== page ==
Rutledge said, “I believe I am qualified to hold the position of town councilman because I have the ability to put myself on the front lines. I would fight for the rights of my constituents but also ensure that issues in town are handled correctly and properly the first time when the issue is brought to our attention. I also believe I’m qualified because I’m always up for a challenge, and I’m not one to back down. I’m willing to go above and beyond when situations require it, and when I tell you I’m going to do something, I’m going to follow through on my word.”
Rutledge said, “I believe what distinguishes me from my opponent is that I am younger. I am 28 years old. I have many new ideas for improvement in the town. I’m willing to meet one-on-one with my constituents, and I’m willing to follow up on concerns that are shared with me. I also will not shut out someone’s opinions about town issues, even if they conflict with my own. I’m always willing and ready to hear from my constituents.”
In sizing up the challenges Apple Valley must come to terms with, Rutledge said, “The major issues that I believe that the town faces are road repair, crime, accessibility and traffic safety. I believe these issues should be redressed by looking into their main causes, starting appropriate studies to find ways to address problems brought to my attention, and ensuring that my constituents are satisfied with the final results.”
He said the town can defray the cost of the solutions he proposes using existing revenues and available money for specific purposes, which can be obtained by making successful grant and funding applications with the State of California and the federal government.
“I propose that the solutions will be covered out of community improvement grants, state funding, and if necessary out of the town budget but not until other resources have been exhausted,” he said.
Rutledge acknowledged, “I don’t currently possess government experience, but I have personally witnessed and experienced individuals fighting for civil rights and have attended many town council meetings.”
His lack of hands-on experience should not be seen as a detriment, he said, but an opportunity to embrace innovation and new ideas.
A resident of Apple Valley for seven years, Rutledge attended high school at Grace Academy PSP, a private study program. He studied at Victor Valley College and Cerritos College before attending UMass Global, formerly known as Brandman University, from which he obtained a BA in liberal arts. He was formerly employed as a special needs paraeducator, and is now seeking employment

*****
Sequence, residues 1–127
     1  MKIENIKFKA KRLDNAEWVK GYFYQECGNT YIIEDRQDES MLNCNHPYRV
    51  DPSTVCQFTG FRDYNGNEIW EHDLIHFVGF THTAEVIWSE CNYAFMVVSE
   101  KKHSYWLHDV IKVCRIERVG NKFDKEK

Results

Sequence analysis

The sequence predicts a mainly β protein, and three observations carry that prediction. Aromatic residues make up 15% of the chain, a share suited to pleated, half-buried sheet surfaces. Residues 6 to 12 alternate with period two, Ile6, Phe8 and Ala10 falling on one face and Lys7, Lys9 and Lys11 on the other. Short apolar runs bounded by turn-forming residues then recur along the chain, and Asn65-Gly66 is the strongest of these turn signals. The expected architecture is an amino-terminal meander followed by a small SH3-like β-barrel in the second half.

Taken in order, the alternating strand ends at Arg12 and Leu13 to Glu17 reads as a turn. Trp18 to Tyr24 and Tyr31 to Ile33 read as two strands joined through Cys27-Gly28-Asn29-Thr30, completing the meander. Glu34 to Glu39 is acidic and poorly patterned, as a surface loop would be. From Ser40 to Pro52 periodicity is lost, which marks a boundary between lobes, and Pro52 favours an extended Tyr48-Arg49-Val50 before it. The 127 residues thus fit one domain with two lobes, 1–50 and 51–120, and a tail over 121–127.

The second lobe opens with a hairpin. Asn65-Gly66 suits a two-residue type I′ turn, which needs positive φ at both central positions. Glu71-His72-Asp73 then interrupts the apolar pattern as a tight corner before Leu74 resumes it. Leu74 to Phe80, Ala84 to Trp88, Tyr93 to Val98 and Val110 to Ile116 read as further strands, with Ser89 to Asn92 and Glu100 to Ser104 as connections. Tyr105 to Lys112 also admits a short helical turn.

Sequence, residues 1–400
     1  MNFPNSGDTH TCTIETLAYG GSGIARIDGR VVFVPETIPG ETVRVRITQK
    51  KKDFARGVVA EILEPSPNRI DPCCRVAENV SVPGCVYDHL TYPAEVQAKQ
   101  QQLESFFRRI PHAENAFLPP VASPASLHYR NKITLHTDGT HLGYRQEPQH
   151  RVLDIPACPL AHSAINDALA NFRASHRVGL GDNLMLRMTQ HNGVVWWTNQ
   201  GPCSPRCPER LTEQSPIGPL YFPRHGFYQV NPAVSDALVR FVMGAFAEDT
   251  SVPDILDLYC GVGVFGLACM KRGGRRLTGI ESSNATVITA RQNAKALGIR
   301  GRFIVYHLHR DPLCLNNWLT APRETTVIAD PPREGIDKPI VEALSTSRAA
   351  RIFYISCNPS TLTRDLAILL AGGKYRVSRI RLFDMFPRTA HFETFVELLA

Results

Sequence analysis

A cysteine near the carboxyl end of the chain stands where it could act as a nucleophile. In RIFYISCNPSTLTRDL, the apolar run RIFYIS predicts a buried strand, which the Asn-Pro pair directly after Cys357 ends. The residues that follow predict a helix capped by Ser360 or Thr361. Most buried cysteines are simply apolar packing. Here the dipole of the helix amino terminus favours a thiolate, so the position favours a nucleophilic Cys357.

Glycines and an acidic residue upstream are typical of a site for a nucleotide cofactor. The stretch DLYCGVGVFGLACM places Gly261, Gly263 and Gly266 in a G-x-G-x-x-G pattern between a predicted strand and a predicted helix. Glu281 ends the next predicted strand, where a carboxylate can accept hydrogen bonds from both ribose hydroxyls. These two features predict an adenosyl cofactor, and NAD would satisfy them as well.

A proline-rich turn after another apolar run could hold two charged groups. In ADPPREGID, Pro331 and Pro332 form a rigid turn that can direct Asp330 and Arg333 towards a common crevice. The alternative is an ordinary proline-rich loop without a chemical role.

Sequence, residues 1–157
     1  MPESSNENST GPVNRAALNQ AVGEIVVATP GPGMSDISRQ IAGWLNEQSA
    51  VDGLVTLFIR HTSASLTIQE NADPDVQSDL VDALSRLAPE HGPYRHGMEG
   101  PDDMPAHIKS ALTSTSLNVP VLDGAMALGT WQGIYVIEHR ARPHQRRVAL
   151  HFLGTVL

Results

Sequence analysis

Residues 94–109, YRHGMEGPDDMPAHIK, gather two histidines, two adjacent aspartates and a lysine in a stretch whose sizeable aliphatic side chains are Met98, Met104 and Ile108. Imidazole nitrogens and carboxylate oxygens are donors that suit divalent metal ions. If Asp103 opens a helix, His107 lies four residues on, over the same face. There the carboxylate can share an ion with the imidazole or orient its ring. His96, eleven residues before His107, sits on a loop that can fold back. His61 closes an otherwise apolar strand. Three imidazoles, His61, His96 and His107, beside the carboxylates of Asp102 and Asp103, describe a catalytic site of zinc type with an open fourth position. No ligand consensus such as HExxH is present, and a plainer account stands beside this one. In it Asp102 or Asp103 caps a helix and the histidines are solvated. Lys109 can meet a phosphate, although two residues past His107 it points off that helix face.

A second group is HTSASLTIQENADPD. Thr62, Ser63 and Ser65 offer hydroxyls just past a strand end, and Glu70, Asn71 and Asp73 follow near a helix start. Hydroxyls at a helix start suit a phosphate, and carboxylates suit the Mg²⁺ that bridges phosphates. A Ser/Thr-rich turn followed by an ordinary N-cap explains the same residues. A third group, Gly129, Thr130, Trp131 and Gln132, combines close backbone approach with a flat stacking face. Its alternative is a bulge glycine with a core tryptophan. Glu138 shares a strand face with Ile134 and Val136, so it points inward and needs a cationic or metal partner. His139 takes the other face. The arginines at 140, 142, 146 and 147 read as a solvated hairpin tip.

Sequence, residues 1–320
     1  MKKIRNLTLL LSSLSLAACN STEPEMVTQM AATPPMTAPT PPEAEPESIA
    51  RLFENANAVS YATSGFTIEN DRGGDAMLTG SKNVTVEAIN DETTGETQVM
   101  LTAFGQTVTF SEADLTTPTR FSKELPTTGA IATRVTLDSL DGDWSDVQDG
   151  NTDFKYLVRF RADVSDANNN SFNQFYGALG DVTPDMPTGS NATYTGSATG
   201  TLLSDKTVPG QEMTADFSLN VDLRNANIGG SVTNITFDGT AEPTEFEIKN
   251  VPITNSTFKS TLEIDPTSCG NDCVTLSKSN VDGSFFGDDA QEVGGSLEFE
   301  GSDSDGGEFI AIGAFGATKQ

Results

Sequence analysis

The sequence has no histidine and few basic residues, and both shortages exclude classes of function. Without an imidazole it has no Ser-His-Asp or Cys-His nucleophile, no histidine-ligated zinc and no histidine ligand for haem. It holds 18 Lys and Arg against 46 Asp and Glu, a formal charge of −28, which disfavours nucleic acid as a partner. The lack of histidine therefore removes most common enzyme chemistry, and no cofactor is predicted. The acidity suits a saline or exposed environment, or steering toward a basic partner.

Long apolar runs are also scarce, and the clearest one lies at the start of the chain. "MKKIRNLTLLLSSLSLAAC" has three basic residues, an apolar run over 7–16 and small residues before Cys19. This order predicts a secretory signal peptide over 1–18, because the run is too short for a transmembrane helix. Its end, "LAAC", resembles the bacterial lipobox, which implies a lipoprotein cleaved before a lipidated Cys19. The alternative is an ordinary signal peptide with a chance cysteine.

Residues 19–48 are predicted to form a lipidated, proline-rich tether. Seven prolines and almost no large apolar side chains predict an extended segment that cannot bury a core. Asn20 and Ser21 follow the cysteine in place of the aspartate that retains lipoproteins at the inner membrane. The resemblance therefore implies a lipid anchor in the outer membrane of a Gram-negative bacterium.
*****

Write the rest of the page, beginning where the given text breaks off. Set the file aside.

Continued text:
“I am not currently married, nor do I have any children or grandchildren,” he said.
Rutledge said, “I am a person of high morals and values, and my constituents can feel free to reach out to me, regarding their concerns.”
For the first time in its 34-year history, the City of Hesperia will not conduct a city council race this election cycle.
No one emerged to challenge incumbent District 3 Councilman Cameron Gregg and incumbent District 4 Councilwoman Brigit Benington, who were due to stand for reelection this year.
This year as well, the four-year term of District 2 Councilman Bill Holland is set to expire in December. Because of redistricting that took place last year based on the 2020 Census, the borders for District 1 were moved to include Holland’s residence. In Hesperia, elections are sequenced so that districts 1 and 5 hold their races in years corresponding with presidential elections and voters in districts 2, 3 and 4 select their council representative in conjunction with the gubernatorial general election.
In this way, Holland is to be redistricted out of office. His only options at present are to bring his political career in Hesperia to a pause or a close and/or wait until 2024 to run in District 1, where currently Rebekah Swanson holds the council position. Holland, who was first elected to the council in 2010, could not have opposed her in 2020, as the configuration of the city electoral map at that time yet had him living in District 2.
Perhaps out of apathy or perhaps because a significant number of the city’s residents who might have contemplated running for the District 2 council post incorrectly but understandably believed that the position was held by an entrenched incumbent, no one surfaced to run for the District 2 slot on the council this year. Continue reading